By Victoria Hart Glavin of Tiny New York Kitchen
Mussels are my absolute favorite shellfish. I’ve been known to order mussels with pommes frites and dump them into the sauce after all of the mussels are gone. The pommes frites soak up all of the sauce, which is heavenly. When serving this dish make sure you have lots of crusty bread on hand and serve with a nice green salad.
3 1/2 Pounds Mussels (Soaked In Cold Water)
6 Tablespoons Dry White Wine
6 Tablespoons Olive Oil
1 Onion (Finely Chopped)
2 Garlic Cloves (Minced)
1 Red bell Pepper (Seeded & Chopped)
Juice Of 1 Lemon
1/2 Teaspoon Dijon Mustard
Generous Pinch Of Saffron (Steeped In Small Amount Of Hot Water)
2 Tablespoons Parsley (Chopped)
1/2 Teaspoon Kosher Salt
1/2 Teaspoon Freshly Ground Pepper
Remove mussels from cold water and scrub well. Make sure to remove any barnacles and pull off any beards. Throw away any broken mussels. Rinse and drain in colander. In large-size saucepan add mussels, white wine and 6 tablespoons water.
Cover with lid and turn heat to medium. Cook 6 minutes. Shake pan occasionally until all mussels have opened up. Remove with slotted spoon and place into colander that is resting in a bowl to catch juices. If you find any that have remained closed at this point then throw them away. Transfer mussels to plate and cover with foil. Set aside. Add liquid, that dripped into bowl that colander was in, back into saucepan.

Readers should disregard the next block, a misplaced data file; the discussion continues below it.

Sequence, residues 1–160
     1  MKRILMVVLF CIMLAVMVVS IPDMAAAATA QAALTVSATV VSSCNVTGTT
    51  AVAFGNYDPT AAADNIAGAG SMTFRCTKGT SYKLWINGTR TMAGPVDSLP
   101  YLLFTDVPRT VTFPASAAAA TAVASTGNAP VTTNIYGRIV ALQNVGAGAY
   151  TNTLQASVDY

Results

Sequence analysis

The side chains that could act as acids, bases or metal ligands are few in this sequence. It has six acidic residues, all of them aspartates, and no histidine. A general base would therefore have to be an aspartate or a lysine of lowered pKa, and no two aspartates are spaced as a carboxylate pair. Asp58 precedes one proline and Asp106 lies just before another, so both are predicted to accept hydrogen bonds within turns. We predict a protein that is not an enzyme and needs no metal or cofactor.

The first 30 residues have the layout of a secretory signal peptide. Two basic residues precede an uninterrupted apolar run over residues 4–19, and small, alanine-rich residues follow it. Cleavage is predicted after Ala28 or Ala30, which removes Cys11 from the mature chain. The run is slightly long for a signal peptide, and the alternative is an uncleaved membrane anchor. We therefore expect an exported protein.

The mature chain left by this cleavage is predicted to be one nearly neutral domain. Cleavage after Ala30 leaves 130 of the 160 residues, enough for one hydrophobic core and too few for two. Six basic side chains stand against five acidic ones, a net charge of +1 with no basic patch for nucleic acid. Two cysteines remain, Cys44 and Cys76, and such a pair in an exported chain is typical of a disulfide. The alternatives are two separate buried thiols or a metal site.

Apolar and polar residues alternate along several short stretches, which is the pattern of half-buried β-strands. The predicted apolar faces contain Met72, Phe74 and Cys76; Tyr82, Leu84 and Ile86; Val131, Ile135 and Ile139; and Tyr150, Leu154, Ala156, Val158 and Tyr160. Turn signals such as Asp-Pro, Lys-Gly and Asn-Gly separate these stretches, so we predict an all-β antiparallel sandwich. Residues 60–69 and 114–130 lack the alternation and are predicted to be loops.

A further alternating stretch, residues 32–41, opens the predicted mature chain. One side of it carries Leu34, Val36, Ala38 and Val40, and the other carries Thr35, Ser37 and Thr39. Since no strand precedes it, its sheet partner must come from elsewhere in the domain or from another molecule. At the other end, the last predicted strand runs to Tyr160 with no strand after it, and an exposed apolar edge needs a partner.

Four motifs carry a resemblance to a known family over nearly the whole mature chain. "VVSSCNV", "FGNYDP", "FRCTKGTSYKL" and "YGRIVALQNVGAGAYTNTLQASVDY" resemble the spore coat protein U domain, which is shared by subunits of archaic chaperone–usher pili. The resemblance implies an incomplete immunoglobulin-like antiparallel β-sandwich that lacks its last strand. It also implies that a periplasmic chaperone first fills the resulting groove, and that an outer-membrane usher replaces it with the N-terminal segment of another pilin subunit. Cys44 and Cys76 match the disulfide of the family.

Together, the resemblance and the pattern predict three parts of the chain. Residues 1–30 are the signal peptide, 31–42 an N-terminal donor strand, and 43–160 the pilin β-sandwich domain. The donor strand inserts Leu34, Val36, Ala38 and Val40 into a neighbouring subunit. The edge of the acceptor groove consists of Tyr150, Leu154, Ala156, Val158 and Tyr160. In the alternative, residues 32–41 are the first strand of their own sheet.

In large-size skillet add olive oil. Turn heat to medium-high. Add onions and sauté 5 minutes until translucent. Add garlic and red bell pepper. Cook another 4 minutes. Add as much liquid from saucepan as you can without adding any sediment. You may do this by tilting saucepan carefully or you my strain through cheesecloth.
Add lemon juice, Dijon mustard, saffron liquid, kosher salt, and pepper. Boil gently for 15 minutes to reduce. Add mussels and simmer for 5 minutes. Transfer to serving bowl and sprinkle with parsley. Serve immediately. Serves 4
Prep Time: 30 Minutes
Cook Time: 35 Minutes
Total Time: 65 Minutes
Victoria Hart Glavin has been cooking and writing recipes since she was a teenager. Originally from Nebraska, her appreciation for culinary technique took off when she moved to Lyon, France.
While living in France, Victoria studied French cooking from an expert Lyonnais chef. Victoria learned to love the local culture of preparing and enjoying fresh, seasonal foods. While in France, Victoria experienced the joys of shopping for local produce at the market and preparing fresh foods simply and beautifully in order to enhance the experience of the table. During her time in France, she says she “learned how to squeeze tomatoes at the local market” and “took everything in by osmosis.”
Currently, Victoria creates tasty treats in her tiny kitchen, in New York City, for all to enjoy and on weekends she explores Fairfield County where has a second home. Victoria has shared her recipes with others and now you can enjoy the Tiny New York Kitchen recipe collection, too! Victoria is a member of Culinary Historians of New York and a member of the Association for the Study of Food and Society.
“Work With What You Got!”